Randy ShumwayIdaho Housing Market. Home prices continued to rise in June across the nation and in Idaho.

Idaho’s home prices increased 0.8 percent from May to June, and have risen 6.2 percent since June 2015. Nationally, home prices increased 1.1 percent month over month and 5.7 percent year over year. National home prices for single-family homes, including distressed sales, are forecasted to rise by 0.6 percent in July 2016, and by 5.3 percent by July 2017.

Although home prices remain 6.7 percent below peak values recorded in April 2006, the U.S. has experienced 53 consecutive months of year-over-year increases, including distressed sales, thereby indicating continued progress toward a full recovery. A new peak level in home prices is expected to be reached in November 2017. In Idaho, home prices are forecasted to increase 0.8 percent this month and 6.2 percent in the next year. The Idaho Division of Financial Management forecasts that housing starts will grow at a rate of 11.1 percent in the next year, compared with the national rate of 8.2 percent. In spite of a growing number of housing starts, inventories remain low compared to the number of homebuyers in Idaho, resulting in sustained housing price increases.

U.S. Short-Term Outlook. United States gross domestic product (GDP) increased approximately 1.2 percent during the second quarter of 2016 according to the advance estimate released by the Bureau of Economic Analysis in early August. While second-quarter growth was higher than the 0.8 percent first-quarter growth, it was still lower than many economists’ predictions of 2.6 percent. The information was released shortly after the European Union reported similar sluggish performance—an annual rise of 1.6-percent growth in the second quarter.

As in quarters past, consumer spending drove the increase in growth. Consumer spending increased at an impressive 4.2-percent rate, which was the fastest pace since the fourth quarter of 2014. Consumer spending makes up more than two-thirds of U.S. economic activity. While such a high growth rate in consumer spending is likely unsustainable long term, it is expected to continue through the rest of the year in connection with the improving labor market and rising house prices.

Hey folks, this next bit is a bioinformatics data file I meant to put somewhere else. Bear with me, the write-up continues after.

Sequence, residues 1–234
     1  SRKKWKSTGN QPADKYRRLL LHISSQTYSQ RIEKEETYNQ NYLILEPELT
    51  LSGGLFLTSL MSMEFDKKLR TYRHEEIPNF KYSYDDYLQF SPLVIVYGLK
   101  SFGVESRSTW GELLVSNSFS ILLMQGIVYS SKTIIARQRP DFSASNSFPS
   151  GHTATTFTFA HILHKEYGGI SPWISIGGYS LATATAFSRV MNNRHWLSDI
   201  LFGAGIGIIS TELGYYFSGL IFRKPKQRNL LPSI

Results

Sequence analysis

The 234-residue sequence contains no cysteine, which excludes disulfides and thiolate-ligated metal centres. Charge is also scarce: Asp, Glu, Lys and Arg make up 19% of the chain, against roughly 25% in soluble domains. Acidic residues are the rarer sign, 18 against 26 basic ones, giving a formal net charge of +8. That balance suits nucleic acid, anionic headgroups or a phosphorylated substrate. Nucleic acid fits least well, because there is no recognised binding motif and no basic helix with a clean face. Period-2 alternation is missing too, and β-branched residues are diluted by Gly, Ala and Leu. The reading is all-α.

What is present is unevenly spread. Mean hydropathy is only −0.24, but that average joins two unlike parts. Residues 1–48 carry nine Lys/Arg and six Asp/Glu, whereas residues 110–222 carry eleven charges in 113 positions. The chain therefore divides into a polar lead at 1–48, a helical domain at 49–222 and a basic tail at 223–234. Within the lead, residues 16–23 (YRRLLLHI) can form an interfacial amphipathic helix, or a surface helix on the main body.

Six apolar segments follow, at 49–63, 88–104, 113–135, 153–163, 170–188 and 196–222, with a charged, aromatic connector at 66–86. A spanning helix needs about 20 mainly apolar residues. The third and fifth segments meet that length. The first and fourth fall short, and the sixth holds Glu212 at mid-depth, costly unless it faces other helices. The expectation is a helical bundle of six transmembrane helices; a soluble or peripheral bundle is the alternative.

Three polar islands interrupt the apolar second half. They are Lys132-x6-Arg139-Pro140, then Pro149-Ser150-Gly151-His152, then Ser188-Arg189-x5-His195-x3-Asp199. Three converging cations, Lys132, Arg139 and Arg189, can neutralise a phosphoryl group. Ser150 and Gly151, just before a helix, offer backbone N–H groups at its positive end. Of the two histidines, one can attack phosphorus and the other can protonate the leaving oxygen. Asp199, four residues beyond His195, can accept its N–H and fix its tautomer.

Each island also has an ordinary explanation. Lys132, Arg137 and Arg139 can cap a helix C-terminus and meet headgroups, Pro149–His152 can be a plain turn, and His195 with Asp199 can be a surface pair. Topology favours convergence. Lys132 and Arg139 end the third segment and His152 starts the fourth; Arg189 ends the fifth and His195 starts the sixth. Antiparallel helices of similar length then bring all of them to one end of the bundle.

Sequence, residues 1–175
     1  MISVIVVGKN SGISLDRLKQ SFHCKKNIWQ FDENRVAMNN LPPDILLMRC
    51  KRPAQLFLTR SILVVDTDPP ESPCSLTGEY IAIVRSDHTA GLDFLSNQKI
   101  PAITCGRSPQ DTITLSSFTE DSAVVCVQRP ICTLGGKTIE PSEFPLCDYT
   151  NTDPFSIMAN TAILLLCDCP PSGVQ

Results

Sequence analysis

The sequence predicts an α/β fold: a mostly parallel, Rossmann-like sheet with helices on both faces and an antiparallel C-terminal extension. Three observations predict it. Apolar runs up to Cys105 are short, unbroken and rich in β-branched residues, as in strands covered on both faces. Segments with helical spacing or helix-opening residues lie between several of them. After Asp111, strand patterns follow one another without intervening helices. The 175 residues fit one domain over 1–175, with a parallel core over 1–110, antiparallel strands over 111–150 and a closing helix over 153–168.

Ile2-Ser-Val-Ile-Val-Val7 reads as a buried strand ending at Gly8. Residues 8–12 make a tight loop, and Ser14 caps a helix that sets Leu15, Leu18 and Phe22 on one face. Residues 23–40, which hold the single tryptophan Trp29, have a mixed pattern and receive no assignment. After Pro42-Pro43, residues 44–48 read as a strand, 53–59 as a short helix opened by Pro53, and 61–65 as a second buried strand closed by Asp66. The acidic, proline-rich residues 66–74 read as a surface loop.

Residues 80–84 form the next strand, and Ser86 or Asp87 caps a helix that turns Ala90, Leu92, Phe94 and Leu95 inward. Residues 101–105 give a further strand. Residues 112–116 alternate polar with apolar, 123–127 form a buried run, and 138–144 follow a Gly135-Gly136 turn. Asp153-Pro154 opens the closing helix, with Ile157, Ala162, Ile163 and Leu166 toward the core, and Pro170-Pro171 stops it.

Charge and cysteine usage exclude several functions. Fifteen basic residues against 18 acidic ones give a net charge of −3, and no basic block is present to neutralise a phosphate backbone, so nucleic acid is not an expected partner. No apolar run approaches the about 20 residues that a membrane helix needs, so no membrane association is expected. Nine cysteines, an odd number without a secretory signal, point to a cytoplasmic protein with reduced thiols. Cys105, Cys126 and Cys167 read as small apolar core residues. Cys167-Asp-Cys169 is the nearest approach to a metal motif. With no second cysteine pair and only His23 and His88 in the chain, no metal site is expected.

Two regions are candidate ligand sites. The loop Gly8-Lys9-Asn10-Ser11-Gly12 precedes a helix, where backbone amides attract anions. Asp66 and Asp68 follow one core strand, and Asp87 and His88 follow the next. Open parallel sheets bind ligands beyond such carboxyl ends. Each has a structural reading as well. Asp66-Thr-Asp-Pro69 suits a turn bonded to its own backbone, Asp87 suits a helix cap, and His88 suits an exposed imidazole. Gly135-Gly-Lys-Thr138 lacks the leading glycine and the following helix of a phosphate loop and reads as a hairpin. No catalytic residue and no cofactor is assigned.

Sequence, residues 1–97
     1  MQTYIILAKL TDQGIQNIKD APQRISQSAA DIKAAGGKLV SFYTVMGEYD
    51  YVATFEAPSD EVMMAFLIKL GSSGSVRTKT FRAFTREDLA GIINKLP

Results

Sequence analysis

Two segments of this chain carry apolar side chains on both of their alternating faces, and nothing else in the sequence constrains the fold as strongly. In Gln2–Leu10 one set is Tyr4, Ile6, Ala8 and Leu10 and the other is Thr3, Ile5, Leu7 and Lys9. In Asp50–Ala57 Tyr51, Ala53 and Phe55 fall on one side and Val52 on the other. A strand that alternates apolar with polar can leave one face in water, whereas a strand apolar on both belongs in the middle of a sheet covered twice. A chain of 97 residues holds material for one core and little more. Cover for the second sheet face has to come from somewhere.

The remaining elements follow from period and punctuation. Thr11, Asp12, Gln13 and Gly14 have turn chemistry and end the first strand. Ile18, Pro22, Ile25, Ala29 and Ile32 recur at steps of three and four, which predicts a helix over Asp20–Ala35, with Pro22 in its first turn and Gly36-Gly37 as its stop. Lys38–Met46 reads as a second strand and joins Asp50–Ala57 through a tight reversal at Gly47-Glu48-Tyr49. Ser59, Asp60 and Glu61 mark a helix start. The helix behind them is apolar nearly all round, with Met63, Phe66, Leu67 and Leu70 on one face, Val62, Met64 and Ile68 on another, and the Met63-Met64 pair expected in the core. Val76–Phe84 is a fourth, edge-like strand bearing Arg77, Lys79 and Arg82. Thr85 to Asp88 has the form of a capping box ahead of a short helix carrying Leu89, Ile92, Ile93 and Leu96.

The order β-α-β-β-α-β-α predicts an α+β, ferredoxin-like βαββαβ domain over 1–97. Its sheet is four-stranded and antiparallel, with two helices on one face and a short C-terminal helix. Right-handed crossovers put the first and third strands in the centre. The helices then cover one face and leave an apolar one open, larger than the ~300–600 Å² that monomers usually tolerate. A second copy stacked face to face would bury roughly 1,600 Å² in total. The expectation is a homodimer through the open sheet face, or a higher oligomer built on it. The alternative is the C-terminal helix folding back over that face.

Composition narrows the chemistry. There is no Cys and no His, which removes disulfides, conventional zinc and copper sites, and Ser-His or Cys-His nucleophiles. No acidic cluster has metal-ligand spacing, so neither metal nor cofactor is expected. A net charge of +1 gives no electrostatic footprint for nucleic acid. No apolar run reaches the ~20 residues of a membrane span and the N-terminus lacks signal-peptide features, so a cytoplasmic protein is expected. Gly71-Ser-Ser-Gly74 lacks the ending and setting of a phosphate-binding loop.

Slower-than-expected GDP growth occurred in part because inventories fell for the first time since 2011. On a positive note, lower second quarter inventories may contribute to greater output in quarters three and four as businesses and manufacturers re-stock. Business spending contracted for the third consecutive quarter, dampened by lower oil prices. Businesses may be more cautious with spending as a result of uncertain global demand and the upcoming U.S. presidential election. Government spending decreased in the second quarter after strong increases in the first quarter.

Despite GDP growth and a seemingly-healthy labor market, some economists remain concerned that growth continues forward at a relatively sluggish pace. There are several theories for why the economic bounce-back has moved forward slowly. Some say that there has been a decline in innovation, that spending is low, that too much regulation has hurt small businesses, or that companies are under-investing. Others say that government debt is bogging down the economy, or that changing demographics are shrinking the working class and straining social programs like Medicare. Regardless, the economy does continue to inch forward—slowly but steadily.

U.S. Long-Term Outlook. Economic growth worldwide continues to be sluggish, and U.S. growth is tied to the economies of its trade partners. Take Japan as a prime example. At the beginning of August, Japanese President Shinzo Abe introduced a massive new stimulus package to encourage spending. Japan’s government debt is currently larger than that of any other country when compared to the relative size of its economy. Output has been shrinking consistently, so the hope is that increased spending will make Japan financially more stable in the future.

The most recent stimulus involved an investment of 28 trillion yen ($274 billion) in social programs and infrastructure, including the construction of a high-speed magnetic levitation train between Tokyo and Osaka. The government expects the stimulus to increase gross domestic product by about 1.3 percent, but there has been no clear timetable for rolling it out or expecting the growth to occur. The stimulus assumes that Japanese citizens will spend more money and jumpstart the economy.

Consumer spending contributes a great deal to any economy, but if any exogenous shocks dampen that spending, it is possible that the newest stimulus package will once again yield a disappointing return on investment. As the American economy is heavily tied to the economic health of its trade partners, like Japan, global economies will continue to affect the long-term U.S. economic outlook.

Idaho Jobs. Idaho’s unemployment rate remained unchanged at 3.7% in June, and the national unemployment rate increased 0.2 percentage point to 4.9% in June.

Inflation. The U.S. Consumer Price Index increased 0.3% from May to June. Year over year, the index increased 1.0%, which is below the Federal Reserve’s target annual inflation pace of 2%.

Consumer Confidence. The U.S. Consumer Confidence Index® decreased 0.1 point to 97.3 in July. The Present Situation Index increased 1.7 points to 118.3, and the Expectations Index decreased 1.3 points to 83.3.